Free and open to the public
All seminars are on Tuesdays at 8:30 am PT (11:30 am ET / 4:30 pm London / 5:30 pm Berlin).
Tuesday, December 1, 2020 [Link to join] (webinar password: 007080)
- Speaker: Vanessa Didelez (University of Bremen)
- Discussant: Els Goetghebeur (Ghent University)
- Title: Causal reasoning in survival and time-to-event analyses
- Abstract In this talk I will discuss why causal inference should pay special attention to survival and time-to-event settings. Even in an apparently simple case of a randomized point-treatment it is common that events other than the event of interest occur, sometimes called intercurrent events such as (semi-)competing events or time-varying mediators, and of course censoring. The choice of causal estimand in such situations should anticipate these issues and suitably represent the research question. Recently, we have proposed so-called ''separable effects'', which focus on contrasts relating to different components of treatment (or exposure) that can be manipulated separately. This approach provides practically relevant estimands for various applications faced with time-varying mediation or competing events.
Mostly, however, in time-to-event settings, treatments or exposures themselves are time-dependent (start / stop / switch treatment etc.); or we may, more generally, be interested in the causal relations among various types of events or processes. This entails potential sources of time-related biases such as time-dependent confounding or self-inflicted biases such as immortal-time bias. I will discuss a class of graphical models representing dynamic relations between processes which can help with causal reasoning in time-to-event settings and shed light onto some of the issues.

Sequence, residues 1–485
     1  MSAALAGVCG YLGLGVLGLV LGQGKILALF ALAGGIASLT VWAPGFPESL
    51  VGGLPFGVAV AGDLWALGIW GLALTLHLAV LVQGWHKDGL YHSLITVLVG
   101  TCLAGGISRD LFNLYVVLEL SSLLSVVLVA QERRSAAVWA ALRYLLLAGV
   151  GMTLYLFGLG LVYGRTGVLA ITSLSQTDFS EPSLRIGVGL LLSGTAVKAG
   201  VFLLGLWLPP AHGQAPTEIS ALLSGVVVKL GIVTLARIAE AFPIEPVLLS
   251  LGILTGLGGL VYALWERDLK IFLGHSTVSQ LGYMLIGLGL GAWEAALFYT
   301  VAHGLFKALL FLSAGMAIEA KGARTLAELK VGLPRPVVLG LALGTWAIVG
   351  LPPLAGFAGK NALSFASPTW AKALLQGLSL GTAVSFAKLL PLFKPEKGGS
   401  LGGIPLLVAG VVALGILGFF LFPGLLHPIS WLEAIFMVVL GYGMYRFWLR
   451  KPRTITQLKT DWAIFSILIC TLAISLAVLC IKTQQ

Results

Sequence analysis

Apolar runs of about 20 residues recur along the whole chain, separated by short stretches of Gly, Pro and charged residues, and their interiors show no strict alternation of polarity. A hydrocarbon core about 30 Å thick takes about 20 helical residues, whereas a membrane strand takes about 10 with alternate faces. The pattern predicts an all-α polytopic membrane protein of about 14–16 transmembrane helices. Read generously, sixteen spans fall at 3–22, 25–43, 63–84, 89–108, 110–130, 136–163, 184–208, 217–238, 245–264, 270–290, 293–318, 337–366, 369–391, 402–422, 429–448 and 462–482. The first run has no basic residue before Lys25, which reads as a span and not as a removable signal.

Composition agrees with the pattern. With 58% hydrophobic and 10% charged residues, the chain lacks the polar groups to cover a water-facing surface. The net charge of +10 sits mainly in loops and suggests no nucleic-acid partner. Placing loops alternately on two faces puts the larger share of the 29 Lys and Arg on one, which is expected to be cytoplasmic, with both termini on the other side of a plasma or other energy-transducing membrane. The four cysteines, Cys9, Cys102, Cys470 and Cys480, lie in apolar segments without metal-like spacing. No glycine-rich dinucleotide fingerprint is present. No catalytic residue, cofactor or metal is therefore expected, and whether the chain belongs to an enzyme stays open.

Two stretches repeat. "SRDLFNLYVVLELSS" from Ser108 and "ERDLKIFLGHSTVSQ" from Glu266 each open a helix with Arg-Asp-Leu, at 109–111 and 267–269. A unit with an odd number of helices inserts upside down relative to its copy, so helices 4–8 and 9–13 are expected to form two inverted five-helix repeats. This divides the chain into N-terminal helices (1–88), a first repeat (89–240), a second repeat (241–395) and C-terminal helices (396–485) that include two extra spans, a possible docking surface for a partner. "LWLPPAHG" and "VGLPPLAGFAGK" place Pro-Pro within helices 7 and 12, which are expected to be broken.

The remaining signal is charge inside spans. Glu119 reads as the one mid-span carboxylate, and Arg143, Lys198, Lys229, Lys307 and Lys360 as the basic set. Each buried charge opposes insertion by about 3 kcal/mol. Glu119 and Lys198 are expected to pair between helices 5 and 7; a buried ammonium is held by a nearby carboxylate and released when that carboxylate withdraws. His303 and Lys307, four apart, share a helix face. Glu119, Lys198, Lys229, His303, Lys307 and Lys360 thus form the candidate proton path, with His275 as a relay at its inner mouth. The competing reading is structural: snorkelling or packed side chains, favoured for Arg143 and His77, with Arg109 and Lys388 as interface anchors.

Examples from the field of cancer research will be given.
The presentation will focus on basic principles and concepts rather than technical details.
1) Didelez (2019). Defining causal mediation with a longitudinal mediator and a survival outcome. Lifetime Data Analysis 25, 593-610. https://link.springer.com/article/10.1007/s10985-018-9449-0
2) Didelez (2015). Causal Reasoning for events in continuous time: a decision-theoretic approach. Proceedings of the 31st Annual Conference on Uncertainty in Artificial Intelligence - Causality Workshop. http://www.homepages.ucl.ac.uk/~ucgtrbd/uai2015_causal/papers/didelez.pdf
3) Aalen, Stensrud, Didelez, Daniel, Røysland, Strohmaier (2020). Time-dependent mediators in survival analysis: Modelling direct and indirect effects with the additive hazards model. Biometrical Journal, 62, 532-549. https://onlinelibrary.wiley.com/doi/abs/10.1002/bimj.201800263
4) Stensrud, Young, Didelez, Robins & Hernán (2020) Separable effects for causal inference in the presence of competing events, JASA (online). https://www.tandfonline.com/doi/abs/10.1080/01621459.2020.1765783